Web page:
A scattershot exercise in preaching to the choir.

Pub Date: April 26, 2022

ISBN: 978-0-06-316202-0

Page Count: 320

Publisher: Broadside Books/HarperCollins

Review Posted Online: May 5, 2022

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A deceptively slender but rich argument in favor of conserving liberal ideals—and liberal government.


The renowned political scientist and philosopher considers classical liberalism and the broad range of enemies arrayed against it.

“By ‘liberalism,’ ” writes Fukuyama, “I refer to the doctrine…that argued for the limitation of the powers of governments through law and ultimately constitutions, creating institutions protecting the rights of individuals living under their jurisdiction.” Born of events such as the English civil war and the Enlightenment, this liberalism also encouraged diversity of thought, religion, and ethnicity, placing it squarely in the crosshairs of today’s authoritarian nationalists, not least Donald Trump. Fukuyama has often been identified with conservative causes, but his thinking here is democratic to the core, and he has no use for such pathetic lies as Trump’s insistence that the 2020 election was stolen. That said, the author notes that liberalism has many enemies on both the left and the right for numerous real yet correctable failings. The neoliberalism that has emerged over the past couple of generations has accelerated inequality, and numerous institutions have been eroded while others, such as the Electoral College, have been revealed to be anti-democratic. Both left and right, the author argues, have trouble accepting that governing over diversity, the hallmark of liberalism, means governing over many ethnic and national groups, strata of income, and competing interests. He adds, however, “Left-of-center voters…remain much more diverse” in political outlook. Essential to a liberal society, Fukuyama insists, is the right to vote: “Voting rights are fundamental rights that need to be defended by the power of the national government.” While he insists that individual rights take precedence over group rights, he also observes that the social contract demands citizen participation. To the conservative charge that the social contract is one thing but the “common moral horizon” another, he answers that yes, liberalism does not insist on a single morality—which “is indeed a feature and not a bug.”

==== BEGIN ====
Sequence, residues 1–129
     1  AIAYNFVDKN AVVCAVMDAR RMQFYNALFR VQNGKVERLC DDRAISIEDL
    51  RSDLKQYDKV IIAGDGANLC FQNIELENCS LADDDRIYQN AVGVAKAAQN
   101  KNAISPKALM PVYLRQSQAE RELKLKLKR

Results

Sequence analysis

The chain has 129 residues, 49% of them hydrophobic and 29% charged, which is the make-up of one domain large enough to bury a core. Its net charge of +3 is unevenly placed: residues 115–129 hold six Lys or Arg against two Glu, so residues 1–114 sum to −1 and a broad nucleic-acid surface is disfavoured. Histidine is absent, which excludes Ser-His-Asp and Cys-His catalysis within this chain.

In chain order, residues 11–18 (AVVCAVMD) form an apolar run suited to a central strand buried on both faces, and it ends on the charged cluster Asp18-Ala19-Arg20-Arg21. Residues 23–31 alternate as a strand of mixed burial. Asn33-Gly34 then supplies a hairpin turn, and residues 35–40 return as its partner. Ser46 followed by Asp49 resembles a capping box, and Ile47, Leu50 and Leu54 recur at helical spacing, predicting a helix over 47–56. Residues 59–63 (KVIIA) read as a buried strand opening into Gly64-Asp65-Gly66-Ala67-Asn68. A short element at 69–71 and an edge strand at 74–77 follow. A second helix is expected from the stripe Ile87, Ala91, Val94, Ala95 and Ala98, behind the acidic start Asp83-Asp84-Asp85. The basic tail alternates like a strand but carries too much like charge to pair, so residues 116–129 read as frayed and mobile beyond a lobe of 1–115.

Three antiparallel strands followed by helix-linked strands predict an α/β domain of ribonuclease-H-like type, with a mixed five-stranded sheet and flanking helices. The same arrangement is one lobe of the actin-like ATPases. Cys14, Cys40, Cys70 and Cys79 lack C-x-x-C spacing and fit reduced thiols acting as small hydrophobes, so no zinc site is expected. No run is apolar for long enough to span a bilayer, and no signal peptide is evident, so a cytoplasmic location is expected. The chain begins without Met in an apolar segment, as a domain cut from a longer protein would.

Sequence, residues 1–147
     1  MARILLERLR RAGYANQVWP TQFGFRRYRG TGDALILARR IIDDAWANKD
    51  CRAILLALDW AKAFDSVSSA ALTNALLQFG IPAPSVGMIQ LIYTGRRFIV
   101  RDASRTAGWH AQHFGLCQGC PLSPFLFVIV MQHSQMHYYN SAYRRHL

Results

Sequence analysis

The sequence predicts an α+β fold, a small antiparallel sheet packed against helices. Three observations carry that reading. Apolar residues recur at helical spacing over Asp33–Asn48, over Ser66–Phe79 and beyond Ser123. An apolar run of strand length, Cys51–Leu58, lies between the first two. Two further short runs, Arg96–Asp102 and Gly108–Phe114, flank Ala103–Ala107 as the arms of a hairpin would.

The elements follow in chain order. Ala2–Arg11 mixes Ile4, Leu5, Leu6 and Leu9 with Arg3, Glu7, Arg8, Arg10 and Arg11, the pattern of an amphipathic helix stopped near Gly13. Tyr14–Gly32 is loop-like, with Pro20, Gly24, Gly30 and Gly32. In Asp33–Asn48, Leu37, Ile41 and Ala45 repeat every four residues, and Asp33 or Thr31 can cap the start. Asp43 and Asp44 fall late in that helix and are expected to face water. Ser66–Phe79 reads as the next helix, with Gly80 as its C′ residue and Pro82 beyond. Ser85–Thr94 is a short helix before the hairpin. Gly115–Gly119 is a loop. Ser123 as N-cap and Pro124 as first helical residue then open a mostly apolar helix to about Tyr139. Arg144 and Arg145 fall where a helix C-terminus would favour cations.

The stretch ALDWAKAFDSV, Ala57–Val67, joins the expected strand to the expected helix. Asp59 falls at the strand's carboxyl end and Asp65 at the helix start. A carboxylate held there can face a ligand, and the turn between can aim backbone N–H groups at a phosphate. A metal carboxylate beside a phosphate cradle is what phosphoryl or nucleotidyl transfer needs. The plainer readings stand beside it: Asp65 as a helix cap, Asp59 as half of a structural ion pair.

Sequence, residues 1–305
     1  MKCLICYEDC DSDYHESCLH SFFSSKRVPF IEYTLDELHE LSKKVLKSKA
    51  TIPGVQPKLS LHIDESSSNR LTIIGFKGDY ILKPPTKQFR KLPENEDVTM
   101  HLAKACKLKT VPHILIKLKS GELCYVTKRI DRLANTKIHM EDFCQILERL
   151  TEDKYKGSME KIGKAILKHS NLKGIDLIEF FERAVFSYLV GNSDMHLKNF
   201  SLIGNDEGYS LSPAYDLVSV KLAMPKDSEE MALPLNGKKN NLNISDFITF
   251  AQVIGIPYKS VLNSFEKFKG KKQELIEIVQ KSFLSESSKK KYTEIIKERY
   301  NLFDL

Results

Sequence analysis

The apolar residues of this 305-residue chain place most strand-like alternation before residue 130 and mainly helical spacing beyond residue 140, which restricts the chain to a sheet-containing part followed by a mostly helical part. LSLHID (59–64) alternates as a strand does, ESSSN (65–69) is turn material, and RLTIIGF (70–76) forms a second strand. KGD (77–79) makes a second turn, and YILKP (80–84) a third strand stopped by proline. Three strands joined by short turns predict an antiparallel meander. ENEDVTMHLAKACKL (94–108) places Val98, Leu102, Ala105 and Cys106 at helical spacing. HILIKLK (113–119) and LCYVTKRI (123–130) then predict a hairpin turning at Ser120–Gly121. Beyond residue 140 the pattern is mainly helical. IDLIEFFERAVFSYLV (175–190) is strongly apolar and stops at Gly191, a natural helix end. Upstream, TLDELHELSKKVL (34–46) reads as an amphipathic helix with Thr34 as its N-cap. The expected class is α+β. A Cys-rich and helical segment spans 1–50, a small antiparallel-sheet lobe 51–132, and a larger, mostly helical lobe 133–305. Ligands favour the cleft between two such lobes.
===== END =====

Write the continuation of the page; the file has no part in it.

A deceptively slender but rich argument in favor of conserving liberal ideals—and liberal government.

Pub Date: May 10, 2022

ISBN: 978-0-374-60671-8

Page Count: 192

Publisher: Farrar, Straus and Giroux

Review Posted Online: Feb. 9, 2022

Kirkus Reviews Issue: March 1, 2022